Growing up in the United States I’ve heard America referred to as “The Land of Plenty” or “The Disposable Society”. The quote “Go West young man” was often said to me as a young man, maybe jokingly or perhaps they were serious, while I was wondering what to do as I grew up. (And before you email, yes, the quote first appeared as the title to the 1851, Terre Haute Express editorial written by Mr. Soule and is often credited to Mr. Greeley.)
These expressions implied to me that we were living in a limitless country. Free to use what we wanted, expand as we wanted with no thought to where the next supply of “stuff” was coming from. Continue reading
When starting to look at using sustainability as a business strategy it is not surprising that many organizations first start looking at their waste processes. Continue reading
In 1994 John Elkington coined the term, “Triple Bottom Line” (TBL). He has written that he was looking for a new language to express the expansion of the environmental agenda that his company SustainAbility had been focused on. John felt that the social and economic dimensions that had been presented in the Brundltland Report needed to be addressed by his firm in order to affect real change.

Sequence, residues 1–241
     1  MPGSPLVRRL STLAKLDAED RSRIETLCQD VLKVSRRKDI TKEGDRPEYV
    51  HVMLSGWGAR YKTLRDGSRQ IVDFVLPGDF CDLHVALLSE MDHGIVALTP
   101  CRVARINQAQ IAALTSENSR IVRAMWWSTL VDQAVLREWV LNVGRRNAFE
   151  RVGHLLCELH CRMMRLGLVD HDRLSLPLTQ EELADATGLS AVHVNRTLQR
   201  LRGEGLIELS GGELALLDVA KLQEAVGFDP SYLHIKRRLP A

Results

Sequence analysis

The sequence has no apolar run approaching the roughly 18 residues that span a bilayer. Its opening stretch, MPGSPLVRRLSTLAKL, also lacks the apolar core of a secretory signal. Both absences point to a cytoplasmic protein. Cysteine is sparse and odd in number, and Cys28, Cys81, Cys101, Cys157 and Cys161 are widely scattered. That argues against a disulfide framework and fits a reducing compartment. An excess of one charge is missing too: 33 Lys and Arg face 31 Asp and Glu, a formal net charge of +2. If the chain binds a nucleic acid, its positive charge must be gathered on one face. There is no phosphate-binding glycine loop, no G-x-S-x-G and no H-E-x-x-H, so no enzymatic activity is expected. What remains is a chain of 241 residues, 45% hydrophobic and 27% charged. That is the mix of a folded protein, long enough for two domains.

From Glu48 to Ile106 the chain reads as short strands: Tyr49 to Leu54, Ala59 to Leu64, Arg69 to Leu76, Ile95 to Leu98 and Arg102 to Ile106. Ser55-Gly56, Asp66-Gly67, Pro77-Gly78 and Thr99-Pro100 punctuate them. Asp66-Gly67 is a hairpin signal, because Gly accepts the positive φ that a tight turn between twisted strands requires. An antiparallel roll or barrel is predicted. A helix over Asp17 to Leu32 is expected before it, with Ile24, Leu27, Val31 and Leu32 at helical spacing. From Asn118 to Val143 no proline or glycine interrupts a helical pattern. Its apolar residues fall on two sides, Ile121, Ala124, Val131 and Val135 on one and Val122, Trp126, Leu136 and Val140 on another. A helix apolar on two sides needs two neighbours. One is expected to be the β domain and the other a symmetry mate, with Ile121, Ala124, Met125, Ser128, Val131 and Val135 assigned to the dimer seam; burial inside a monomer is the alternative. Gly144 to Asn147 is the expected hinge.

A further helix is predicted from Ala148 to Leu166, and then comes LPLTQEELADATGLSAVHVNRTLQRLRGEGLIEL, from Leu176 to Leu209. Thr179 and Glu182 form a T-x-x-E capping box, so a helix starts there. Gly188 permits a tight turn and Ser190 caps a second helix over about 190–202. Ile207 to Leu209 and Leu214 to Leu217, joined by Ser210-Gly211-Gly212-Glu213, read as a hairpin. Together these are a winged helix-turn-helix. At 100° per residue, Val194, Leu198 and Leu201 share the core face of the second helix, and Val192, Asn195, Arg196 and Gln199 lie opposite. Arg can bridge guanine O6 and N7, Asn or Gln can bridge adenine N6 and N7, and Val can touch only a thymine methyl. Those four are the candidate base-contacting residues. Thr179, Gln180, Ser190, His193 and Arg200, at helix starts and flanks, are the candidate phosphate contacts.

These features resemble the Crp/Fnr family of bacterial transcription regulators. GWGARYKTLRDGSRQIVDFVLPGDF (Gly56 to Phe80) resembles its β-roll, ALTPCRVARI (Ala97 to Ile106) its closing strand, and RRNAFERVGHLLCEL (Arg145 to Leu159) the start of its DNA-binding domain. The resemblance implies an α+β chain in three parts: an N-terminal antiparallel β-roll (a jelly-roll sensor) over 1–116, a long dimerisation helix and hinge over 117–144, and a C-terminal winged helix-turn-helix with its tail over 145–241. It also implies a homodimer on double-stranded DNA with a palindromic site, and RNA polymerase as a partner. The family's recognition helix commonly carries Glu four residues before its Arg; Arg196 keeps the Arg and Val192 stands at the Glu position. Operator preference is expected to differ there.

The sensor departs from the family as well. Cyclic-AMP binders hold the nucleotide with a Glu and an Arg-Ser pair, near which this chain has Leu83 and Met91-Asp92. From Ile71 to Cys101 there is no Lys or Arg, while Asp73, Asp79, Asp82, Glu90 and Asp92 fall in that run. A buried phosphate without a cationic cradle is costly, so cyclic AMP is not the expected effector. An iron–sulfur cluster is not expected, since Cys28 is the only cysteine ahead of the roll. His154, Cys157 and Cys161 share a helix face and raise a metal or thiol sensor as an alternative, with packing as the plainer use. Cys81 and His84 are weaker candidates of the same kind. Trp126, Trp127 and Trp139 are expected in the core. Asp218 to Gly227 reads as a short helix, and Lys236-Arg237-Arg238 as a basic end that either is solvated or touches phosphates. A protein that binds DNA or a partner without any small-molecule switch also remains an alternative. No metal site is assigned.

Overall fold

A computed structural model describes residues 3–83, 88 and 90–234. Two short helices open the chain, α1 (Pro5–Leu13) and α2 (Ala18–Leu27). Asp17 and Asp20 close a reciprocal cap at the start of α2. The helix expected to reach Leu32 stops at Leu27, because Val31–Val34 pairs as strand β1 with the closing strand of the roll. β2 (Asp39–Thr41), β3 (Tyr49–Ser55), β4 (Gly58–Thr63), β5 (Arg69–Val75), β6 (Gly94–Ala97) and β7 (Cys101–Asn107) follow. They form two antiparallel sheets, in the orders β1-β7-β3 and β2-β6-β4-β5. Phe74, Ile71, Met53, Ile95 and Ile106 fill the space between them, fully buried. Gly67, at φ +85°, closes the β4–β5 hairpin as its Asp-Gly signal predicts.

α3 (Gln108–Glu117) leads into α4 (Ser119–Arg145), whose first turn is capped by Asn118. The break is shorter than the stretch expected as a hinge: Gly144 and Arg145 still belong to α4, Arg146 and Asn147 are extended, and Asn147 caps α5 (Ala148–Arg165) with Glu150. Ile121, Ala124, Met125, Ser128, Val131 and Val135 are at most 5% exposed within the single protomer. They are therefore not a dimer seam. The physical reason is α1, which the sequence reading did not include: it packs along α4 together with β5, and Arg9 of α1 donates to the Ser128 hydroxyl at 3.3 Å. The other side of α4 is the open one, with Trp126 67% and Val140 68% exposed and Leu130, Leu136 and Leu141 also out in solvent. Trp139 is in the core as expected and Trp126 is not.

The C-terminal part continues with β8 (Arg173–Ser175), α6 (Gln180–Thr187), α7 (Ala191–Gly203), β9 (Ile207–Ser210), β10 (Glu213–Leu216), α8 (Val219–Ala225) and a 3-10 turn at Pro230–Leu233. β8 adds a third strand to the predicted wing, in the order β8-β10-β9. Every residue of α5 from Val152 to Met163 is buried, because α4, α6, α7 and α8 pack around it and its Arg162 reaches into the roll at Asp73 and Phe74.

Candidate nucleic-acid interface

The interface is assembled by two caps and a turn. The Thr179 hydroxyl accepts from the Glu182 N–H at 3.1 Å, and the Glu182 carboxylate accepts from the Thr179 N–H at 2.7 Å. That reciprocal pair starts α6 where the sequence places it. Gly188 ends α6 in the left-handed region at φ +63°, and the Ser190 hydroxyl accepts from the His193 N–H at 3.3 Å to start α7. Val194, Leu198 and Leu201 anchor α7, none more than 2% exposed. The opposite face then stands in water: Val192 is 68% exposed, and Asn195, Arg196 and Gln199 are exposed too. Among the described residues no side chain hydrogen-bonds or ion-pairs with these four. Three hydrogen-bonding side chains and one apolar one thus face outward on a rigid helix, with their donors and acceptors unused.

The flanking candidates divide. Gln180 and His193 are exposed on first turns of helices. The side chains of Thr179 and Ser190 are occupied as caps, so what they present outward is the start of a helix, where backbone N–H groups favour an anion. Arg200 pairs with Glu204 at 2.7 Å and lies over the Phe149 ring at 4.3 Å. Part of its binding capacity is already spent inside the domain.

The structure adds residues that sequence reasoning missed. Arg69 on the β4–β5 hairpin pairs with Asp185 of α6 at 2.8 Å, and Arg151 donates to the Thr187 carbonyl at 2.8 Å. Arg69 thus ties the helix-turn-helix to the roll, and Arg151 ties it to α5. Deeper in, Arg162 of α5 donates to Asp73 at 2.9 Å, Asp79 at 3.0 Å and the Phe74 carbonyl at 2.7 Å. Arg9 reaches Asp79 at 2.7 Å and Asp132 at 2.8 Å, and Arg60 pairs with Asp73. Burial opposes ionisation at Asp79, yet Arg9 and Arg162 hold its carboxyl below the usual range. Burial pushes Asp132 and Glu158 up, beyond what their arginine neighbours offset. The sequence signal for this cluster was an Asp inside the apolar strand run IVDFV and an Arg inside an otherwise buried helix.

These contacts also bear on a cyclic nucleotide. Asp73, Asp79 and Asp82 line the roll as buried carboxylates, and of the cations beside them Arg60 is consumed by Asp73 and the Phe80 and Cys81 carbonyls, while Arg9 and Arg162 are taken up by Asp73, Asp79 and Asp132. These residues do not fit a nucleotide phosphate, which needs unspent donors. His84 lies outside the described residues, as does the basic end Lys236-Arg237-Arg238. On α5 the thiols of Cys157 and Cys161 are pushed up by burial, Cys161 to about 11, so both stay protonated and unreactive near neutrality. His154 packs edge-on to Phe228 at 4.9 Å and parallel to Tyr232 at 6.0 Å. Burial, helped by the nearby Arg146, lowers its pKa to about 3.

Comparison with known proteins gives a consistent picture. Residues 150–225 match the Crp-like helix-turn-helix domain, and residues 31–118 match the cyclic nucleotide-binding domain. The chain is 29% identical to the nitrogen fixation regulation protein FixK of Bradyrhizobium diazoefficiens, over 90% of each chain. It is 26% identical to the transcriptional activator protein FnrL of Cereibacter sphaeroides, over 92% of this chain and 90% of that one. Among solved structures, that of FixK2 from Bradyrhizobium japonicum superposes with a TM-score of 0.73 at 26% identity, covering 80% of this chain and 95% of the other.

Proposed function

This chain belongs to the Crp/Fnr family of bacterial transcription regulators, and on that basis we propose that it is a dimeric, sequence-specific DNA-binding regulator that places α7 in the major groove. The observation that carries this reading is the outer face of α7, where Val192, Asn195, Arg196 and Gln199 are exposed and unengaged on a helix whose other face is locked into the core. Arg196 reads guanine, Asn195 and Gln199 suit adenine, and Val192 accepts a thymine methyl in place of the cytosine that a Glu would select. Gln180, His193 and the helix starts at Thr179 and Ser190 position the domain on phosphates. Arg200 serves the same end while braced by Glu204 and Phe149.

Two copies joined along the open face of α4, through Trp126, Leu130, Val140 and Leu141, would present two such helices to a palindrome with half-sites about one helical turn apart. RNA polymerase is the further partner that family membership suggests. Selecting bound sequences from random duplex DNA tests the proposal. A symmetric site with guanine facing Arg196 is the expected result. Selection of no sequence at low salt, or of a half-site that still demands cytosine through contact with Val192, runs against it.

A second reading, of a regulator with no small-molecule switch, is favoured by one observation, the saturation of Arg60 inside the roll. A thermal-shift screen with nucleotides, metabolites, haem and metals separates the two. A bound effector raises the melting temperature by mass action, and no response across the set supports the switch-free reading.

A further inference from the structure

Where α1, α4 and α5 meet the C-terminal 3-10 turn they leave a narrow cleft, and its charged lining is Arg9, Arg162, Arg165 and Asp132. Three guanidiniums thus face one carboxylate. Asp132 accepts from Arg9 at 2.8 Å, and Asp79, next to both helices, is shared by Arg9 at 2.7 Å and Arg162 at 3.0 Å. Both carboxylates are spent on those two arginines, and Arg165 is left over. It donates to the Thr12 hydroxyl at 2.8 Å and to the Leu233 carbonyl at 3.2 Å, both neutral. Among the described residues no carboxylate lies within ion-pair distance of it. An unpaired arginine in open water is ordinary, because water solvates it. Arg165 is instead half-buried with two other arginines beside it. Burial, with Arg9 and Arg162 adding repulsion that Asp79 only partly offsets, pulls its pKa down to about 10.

TBL framework allows an organization to focus on not only the economic value they create, but also on the social and environmental value they create or decrease. Continue reading
One of the questions that I like to ask when I’m working with a company on their sustainability program is “How do you define sustainability for your organization?” This is not meant to confuse or anger the VPs, Directors and Mangers in the room, even though it quite often does. Continue reading